The Bad: Moore can still be too aggressive in his decision-making and needs to curl in some bad habits such as trying to be the fourth forward at times. He's got a fair amount of strength, but taking it to another level will help his pro prospects next season. I don't know if he'll ever be above-average defensively and he still shows some gaffes here and there but it's plausible to think he can be decent.

Projection: At best, an above-average second pairing defenseman, but likely ends up an average second pairing defender.

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4. Cam Atkinson, Right Wing
Date of birth: 06/05/1989
Age: 22
Height: 5'8''
Weight: 175
Shoots: Right
Statistics: 39 GP, 31 G, 52 P (Boston College-Hockey East)
Acquired: Sixth round, 157th overall in 2008 by Columbus

The Good: Atkinson is a highly skilled forward with a dynamic element to his game. Those qualities have some people in the industry believing he has what it takes to be one of those special small forwards. He's a plus puck handler who is superb when he has the puck on his stick. Atkinson has quick, deceptive hands and has the ability to embarrass defenders while also having the quick hands and refined passing technique to move the puck around quite well. He's an above-average skater who is quite agile and accelerates very well. Atkinson has a plus shot and can score from way out with a very hard shot or will go hard to the net to get goals. He is willing to play physical despite his frame and has the kind of intangibles that make smaller forwards successful.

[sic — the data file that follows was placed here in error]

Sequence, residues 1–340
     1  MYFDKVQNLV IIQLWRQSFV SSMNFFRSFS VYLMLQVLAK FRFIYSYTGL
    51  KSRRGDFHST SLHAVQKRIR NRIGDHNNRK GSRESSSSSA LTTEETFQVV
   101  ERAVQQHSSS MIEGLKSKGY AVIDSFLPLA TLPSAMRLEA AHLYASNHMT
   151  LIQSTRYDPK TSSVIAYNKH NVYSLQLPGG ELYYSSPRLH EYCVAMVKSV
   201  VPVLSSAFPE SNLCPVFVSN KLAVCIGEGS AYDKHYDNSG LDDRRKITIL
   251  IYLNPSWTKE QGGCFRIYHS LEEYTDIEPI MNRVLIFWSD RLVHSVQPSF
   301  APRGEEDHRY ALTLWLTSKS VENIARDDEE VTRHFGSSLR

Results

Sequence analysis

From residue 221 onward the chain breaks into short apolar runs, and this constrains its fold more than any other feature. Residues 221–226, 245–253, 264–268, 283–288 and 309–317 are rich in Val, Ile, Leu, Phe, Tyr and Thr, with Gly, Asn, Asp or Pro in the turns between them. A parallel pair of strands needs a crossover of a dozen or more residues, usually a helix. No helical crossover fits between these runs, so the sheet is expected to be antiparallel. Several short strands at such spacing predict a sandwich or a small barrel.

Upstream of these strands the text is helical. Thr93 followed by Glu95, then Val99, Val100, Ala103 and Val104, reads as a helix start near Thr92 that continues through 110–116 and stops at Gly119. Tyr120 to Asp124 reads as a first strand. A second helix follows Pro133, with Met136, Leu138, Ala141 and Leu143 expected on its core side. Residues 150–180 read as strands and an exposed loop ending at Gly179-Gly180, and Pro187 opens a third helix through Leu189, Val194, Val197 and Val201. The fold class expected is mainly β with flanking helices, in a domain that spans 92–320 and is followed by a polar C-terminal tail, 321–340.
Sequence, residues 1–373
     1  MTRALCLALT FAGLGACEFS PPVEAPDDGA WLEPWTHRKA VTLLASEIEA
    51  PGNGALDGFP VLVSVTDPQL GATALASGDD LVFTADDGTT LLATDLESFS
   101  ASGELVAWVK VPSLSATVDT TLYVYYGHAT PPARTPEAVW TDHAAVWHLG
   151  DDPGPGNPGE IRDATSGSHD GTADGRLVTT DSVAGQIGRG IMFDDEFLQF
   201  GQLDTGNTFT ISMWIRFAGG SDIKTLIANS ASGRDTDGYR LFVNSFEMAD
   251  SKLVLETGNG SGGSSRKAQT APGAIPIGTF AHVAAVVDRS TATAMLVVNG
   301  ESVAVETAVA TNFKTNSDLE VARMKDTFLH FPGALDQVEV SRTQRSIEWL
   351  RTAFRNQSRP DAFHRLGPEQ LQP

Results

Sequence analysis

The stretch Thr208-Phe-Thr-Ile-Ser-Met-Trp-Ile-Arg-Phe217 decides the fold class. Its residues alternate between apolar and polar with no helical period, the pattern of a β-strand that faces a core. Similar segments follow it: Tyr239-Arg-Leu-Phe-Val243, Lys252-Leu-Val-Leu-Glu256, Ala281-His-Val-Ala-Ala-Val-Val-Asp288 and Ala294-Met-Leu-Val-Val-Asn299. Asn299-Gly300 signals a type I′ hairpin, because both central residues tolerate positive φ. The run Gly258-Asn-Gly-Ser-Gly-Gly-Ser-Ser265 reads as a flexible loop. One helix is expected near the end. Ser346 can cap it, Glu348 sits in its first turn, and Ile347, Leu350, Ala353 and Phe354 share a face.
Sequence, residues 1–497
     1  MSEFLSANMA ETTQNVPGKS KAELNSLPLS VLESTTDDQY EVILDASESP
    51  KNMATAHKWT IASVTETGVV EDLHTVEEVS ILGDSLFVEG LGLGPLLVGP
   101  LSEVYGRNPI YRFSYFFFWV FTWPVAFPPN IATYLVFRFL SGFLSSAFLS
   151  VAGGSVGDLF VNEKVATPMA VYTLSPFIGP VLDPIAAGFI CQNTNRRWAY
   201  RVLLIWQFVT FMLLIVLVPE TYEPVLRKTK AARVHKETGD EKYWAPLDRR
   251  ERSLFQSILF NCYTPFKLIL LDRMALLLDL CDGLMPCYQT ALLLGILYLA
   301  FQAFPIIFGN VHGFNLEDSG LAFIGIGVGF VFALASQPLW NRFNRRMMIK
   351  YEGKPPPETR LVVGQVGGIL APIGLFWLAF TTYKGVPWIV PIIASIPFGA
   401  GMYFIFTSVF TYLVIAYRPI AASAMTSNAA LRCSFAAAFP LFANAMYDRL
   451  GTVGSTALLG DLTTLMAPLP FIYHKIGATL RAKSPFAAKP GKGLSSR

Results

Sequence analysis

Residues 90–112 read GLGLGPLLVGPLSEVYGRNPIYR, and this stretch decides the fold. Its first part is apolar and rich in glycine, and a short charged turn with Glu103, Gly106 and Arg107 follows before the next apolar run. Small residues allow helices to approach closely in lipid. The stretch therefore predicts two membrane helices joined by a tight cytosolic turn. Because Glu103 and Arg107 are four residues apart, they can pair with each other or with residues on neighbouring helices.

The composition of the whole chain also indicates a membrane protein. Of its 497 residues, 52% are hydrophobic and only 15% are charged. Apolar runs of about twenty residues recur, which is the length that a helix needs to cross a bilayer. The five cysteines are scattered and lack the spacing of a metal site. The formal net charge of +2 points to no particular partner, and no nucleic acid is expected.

The Bad: The size is the only thing holding Atkinson back from being not only a good player, but potentially a star. He's very small, and will have his size mentioned every step of the way until he proves he can overcome it.

Projection: He has the ability to be an above-average second line winger, and if he can't make it as a scorer, there is some chance he can play on an energy line.

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5. Tomas Kubalik, Right Wing
Date of birth: 05/01/1990
Age: 21
Height: 6'3''
Weight: 215
Shoots: Right
Statistics: 76 GP, 24 G, 53 P (Springfield-AHL)
Acquired: Fifth round, 135th overall in 2008 by Columbus